Photo by Guillermo Arroyo from Pexels

How To Handle An Uncertain Future

I was reading 10 Predictions for Higher Education's Future, and like so many articles trying to leverage COVID-19 and the reopening of the economy, it just seemed that the article covers a lot of old news with the new COVID-19 twist.

Revenues, for many IHEs, have been going down for years.  COVID-19 just pushed many off the cliff.

The nation has been debating the value of higher education for years.  Might the focus shift to the value of in-person education?  Maybe.  From what some students are saying, the value of online education is in question – specifically, the cost as it compares to classroom-based tuition.

And because we have spent the past decade or so failing to manage an inaccurate narrative that online is less expensive to offer and delivers the profits needed to pay for the campus-based operations, we have ourselves to blame.

What Are Your Plans For The Future?

There seems to be a focus on the fall supported by the assumption that things will remain constant from that point forward.

That strikes me as a very risky assumption – one that teeters on the brink of failing to perform one's fiduciary responsibilities.

The painful truth is that we don't know what we don't know, and we certainly don't know what the future holds.

Not to be the voice of doom and gloom, but what's your plan for dealing with a second wave rolling across the U.S. this fall?  And how many of you have a plan for that second wave impacting spring 2021?

And with more than 30 million unemployed, predictions are that the nation will still have double-digit unemployment in Q4 2020.  The conventional wisdom is that when unemployment goes up, people go back to school to retool. Are we sure that’s going to happen this time? How is continued unemployment  going to impact your students’ ability to pay for college?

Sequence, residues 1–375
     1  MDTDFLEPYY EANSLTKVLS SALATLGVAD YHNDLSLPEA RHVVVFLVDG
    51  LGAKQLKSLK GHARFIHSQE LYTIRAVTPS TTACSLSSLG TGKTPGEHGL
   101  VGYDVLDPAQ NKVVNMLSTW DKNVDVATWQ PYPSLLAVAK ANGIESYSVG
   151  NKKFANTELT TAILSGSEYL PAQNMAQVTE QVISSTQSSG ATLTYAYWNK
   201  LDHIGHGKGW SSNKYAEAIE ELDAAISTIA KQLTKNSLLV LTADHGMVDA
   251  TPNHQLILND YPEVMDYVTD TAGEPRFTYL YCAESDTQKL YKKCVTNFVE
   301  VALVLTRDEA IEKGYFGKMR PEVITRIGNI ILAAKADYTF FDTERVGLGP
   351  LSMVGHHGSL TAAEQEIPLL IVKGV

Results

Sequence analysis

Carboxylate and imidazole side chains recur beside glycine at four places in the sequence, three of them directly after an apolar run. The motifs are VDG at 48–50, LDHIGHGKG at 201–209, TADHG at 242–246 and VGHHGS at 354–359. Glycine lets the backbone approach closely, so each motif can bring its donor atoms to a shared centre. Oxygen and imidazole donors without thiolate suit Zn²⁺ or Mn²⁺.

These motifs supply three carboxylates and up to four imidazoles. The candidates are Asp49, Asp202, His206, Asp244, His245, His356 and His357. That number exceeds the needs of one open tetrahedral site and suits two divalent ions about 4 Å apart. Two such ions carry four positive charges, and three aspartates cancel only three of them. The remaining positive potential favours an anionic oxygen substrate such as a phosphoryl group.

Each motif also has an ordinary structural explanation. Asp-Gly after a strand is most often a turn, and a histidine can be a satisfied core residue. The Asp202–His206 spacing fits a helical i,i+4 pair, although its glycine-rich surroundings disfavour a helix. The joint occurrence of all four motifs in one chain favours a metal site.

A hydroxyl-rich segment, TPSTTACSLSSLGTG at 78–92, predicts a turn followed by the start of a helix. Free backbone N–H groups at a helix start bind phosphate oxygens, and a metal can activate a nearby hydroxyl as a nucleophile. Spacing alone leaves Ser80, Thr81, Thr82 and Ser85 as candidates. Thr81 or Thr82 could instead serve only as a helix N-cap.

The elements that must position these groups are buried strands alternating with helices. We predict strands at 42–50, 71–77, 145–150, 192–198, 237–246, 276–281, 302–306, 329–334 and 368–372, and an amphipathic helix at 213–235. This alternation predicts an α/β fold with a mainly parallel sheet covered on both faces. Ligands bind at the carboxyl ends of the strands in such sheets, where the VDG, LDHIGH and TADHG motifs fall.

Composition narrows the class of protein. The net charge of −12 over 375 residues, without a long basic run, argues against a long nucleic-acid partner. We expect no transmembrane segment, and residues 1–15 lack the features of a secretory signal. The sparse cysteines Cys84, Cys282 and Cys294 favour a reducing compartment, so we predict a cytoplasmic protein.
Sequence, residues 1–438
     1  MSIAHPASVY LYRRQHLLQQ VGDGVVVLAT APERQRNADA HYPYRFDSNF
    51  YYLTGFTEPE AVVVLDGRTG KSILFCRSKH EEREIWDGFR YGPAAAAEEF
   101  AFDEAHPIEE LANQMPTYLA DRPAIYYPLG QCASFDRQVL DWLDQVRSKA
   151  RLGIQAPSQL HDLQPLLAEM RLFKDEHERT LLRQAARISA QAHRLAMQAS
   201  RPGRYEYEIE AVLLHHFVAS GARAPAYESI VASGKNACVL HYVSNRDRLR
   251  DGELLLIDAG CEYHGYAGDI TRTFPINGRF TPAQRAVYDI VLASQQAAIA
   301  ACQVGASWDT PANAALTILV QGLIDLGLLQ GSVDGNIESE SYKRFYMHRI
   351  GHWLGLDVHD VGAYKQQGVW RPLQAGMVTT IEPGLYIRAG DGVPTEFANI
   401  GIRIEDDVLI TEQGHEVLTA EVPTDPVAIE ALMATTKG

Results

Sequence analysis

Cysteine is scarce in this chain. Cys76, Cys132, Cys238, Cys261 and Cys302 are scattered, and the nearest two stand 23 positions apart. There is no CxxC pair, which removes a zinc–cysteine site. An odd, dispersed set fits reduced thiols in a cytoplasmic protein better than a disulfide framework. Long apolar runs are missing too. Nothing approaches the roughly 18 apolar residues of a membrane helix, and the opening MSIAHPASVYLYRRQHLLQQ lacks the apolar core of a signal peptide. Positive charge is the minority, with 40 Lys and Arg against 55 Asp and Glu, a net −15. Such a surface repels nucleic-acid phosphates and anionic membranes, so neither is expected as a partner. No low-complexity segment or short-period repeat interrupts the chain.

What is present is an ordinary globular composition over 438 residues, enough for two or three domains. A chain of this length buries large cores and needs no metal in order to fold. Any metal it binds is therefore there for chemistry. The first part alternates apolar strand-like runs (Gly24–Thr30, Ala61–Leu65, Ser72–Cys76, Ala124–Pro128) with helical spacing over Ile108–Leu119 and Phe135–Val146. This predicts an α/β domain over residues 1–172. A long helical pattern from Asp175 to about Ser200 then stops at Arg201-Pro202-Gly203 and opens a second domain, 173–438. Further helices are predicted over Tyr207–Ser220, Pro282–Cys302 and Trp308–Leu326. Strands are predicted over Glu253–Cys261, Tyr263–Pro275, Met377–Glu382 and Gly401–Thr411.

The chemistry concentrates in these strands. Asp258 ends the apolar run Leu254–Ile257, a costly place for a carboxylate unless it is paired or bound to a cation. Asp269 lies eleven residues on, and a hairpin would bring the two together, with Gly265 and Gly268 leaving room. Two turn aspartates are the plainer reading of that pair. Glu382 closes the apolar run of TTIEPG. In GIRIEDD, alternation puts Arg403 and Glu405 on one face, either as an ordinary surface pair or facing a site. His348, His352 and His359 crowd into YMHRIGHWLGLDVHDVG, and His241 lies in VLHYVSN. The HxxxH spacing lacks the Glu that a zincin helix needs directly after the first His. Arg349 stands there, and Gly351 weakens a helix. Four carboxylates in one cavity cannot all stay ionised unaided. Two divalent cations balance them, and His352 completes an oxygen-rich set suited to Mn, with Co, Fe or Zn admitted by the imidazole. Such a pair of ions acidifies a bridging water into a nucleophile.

If you rely on revenue from room and board, do you have a scenario in place for operating without that revenue for the next 12 months?  Or longer?

How many of you are investing in online education because you feel that is something you can no longer let slide?  Technology? Training? Curriculum development?

If you plan to open in the fall and get back to attempt to resume what used to be “normal,” I do fear you might be falling far short of your fiduciary responsibilities.

Time For Partnerships?

In the article, John Kroger brings up the possibility of more corporations entering the market.

Expect things like "The University of Texas, powered by Google."

That's something I have been suggesting for some time – the need to develop partnerships that help IHEs and corporations better serve the community.

First, access to expertise and financial resources can be beneficial to any IHE.

Second, this is one way to differentiate your institution from others.

Third, if you design your partnerships correctly, students will move from education to their career more seamlessly, and those that are in the midst of their career can more easily invest and access the education they need to move forward in their careers.

So, What's Next?

The people your institution serves are changing – and this article offers a great view of how successful organizations are responding.

Companies are speaking with their audiences.  They are observing their audience's behavior.  And they are identifying changes in their reasoning, actions, spending – these are what leading corporations are doing right now.  And you should be as well because you need to understand your options, and what opportunities and threats are out there in the market you serve.

"We're assessing market by market whether we need to make changes to our core products, prices, and pack sizes," said Hanneke Faber, president of foods and refreshment at Unilever (UL), which makes Lipton tea, Dove soap, Hellmann's mayonnaise, and Ben & Jerry's ice cream.

Are you assessing the market regarding your programs, services, tuition rates, and fees? Are you rethinking the start and end dates, as well as the length of your terms?

The point here is that heightened uncertainty is here, and that requires constant monitoring of behavior and attitudes so you can identify changes in time to prepare rather than be caught unaware.

So, what is next?

Written by

Strategic turnaround consultant and writer.

Leave a Reply